It's not just another day at the office.
An average sort of documentary about military aviation, The Challenge of Flight (Volume 2) collects footage and insight from a wide variety of sources with modest video and audio quality. For good or for ill, this is a disc that feels very much like a cable TV documentary ported over to the DVD format.
The Challenge of Flight is a bare-bones disc that contains two approximately 45 minute films. "Eject Eject!" covers the evolution and practical use of the jet pilot's friend, the ejection seat, while "Canopies Up!" is an overview of military aviation from the perspective of the pilots themselves (and entirely in their own words), showing training operations, air-to-air refueling, night carrier flights, and the like.
It is hard to get up the enthusiasm to review the content, because it is so, well, vanilla. There is nothing too amazing, or too boring, too awesome, or too hum-drum. Perhaps I have seen too many programs of a similar nature, but The Challenge of Flight does not stand out among them. There are some nice in-flight "action shots" of all manner of military aircraft flying about and doing their tasks, and it was mildly interesting to learn about the evolution and use of the ejection seat. However, there are a number of passages in "Eject! Eject!" where the narration ceases during rather irrelevant collections of aviation footage.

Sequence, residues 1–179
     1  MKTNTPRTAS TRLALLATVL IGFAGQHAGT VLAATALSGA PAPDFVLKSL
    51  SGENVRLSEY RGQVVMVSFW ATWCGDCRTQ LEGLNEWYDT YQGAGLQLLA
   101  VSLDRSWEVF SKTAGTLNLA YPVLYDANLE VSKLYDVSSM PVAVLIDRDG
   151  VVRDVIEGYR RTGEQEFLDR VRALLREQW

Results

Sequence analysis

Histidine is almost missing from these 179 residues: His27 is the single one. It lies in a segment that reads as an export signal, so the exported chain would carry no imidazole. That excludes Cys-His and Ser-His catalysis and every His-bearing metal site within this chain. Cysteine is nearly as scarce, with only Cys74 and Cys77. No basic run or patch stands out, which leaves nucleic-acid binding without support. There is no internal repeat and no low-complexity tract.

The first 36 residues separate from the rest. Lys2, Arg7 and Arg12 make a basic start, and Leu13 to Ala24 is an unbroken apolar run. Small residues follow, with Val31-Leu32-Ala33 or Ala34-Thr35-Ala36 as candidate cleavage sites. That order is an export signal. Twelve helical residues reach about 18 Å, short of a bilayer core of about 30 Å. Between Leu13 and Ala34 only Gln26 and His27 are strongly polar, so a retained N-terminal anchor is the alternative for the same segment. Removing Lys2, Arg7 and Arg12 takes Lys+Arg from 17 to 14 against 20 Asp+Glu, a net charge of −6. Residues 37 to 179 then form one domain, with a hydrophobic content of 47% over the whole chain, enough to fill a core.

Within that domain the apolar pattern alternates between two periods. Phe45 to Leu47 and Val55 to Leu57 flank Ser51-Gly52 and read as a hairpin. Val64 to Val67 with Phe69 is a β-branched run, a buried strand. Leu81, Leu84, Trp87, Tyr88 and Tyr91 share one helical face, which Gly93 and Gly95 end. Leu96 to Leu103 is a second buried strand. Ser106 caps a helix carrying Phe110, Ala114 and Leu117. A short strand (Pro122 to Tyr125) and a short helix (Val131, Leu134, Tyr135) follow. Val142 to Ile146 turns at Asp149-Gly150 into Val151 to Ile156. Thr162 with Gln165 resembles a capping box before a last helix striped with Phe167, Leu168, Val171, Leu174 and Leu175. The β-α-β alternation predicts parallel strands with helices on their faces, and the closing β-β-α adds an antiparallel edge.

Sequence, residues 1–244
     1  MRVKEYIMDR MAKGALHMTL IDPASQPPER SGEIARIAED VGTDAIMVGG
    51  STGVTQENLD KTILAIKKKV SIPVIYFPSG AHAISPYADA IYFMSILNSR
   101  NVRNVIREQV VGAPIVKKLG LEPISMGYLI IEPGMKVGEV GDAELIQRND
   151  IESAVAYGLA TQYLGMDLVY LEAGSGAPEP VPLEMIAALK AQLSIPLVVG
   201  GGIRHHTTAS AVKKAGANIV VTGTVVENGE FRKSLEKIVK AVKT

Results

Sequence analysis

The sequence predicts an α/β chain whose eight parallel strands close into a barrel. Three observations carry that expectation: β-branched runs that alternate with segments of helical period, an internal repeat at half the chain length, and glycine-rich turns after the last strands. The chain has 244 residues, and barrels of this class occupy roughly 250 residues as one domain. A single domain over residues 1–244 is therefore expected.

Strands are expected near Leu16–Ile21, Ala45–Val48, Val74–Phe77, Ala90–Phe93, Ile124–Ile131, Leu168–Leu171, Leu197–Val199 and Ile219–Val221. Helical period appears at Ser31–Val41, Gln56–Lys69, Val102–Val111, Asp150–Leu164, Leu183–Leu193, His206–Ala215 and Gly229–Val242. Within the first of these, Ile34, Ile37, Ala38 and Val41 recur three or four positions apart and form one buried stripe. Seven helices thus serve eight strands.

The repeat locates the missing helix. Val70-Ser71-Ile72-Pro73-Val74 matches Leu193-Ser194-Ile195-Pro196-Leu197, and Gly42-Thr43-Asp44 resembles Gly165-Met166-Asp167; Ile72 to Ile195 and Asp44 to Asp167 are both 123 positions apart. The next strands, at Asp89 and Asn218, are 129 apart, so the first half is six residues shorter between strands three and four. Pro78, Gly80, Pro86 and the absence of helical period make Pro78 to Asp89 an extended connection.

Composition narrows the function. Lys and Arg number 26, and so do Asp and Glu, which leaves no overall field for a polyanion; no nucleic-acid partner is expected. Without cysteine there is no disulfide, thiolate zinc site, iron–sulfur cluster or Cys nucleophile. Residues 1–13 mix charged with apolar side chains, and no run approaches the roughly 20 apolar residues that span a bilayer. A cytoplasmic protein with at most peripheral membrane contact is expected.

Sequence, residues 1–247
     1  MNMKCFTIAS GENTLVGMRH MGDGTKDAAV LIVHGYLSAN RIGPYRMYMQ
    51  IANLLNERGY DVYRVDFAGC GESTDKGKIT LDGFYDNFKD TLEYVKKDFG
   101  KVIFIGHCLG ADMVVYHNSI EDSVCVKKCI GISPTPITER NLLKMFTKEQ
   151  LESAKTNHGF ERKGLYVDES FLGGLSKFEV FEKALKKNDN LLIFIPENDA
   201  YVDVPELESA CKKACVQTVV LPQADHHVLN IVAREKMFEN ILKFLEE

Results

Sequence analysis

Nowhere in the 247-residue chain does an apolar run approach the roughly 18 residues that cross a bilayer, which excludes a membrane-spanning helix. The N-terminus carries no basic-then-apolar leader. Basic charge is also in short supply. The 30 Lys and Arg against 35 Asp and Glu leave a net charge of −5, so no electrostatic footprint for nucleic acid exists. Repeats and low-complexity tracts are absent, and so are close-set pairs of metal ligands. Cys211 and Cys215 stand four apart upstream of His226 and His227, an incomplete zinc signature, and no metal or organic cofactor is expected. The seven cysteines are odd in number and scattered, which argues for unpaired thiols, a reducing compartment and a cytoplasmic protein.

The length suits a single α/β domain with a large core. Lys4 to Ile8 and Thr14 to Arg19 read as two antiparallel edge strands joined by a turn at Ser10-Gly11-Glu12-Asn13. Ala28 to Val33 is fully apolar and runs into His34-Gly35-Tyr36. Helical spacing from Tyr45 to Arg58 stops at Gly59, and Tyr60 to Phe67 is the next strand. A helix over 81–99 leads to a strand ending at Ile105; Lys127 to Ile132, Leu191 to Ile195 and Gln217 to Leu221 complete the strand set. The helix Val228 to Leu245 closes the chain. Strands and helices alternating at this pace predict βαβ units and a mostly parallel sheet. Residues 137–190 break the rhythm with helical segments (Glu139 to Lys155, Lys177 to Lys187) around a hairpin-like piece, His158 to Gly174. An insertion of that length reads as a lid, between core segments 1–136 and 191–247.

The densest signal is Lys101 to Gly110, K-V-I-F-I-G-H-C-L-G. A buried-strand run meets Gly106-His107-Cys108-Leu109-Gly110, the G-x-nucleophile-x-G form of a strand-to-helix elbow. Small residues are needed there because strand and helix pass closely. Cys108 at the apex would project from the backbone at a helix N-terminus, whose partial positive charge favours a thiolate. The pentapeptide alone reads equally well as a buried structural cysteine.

The video varies from adequate cable-TV quality to poor, though this is due to the original source materials more than the actual DVD transfer. Color saturation is okay but nothing special, sharpness is so-so, and most of the film is noticeably grainy.
There's not much to be said for the audio. The dialogue is clearly understood, but none of the sounds of airplanes in flight or expending ordnance is going to be impressive to anyone. Again, given some of the source material, this is only to be expected. Give everybody but your center channel the night off.
The Rebuttal Witnesses
There is no extra content, which is a shame. Photo galleries, text information on military aviation in the U.S. Armed Forces, trailers for other Focusfilm products, or something else would have been very welcome.
The keepcase is another oddity, with a circular sort-of flower petal arrangement of stubby plastic tabs holding the disc. It makes disc extraction needlessly difficult, and causes me to think fondly of even the Alpha keepcase.
In all honesty, I cannot recommend The Challenge of Flight for any more than a rental. There is just not enough of the "wow" factor or of top-class history to justify a place on your shelf. If by chance you find The Challenge of Flight for rental and are in the mood for a modest documentary of this sort, then give it a try, just don't go too far out of your way to find it.
The Challenge of Flight and its creators are guilty of a number of DVD infractions, but on balance, only fines and a stern reprimand are warranted. Case dismissed!
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Scales of Justice
Studio: FocusFilm Entertainment
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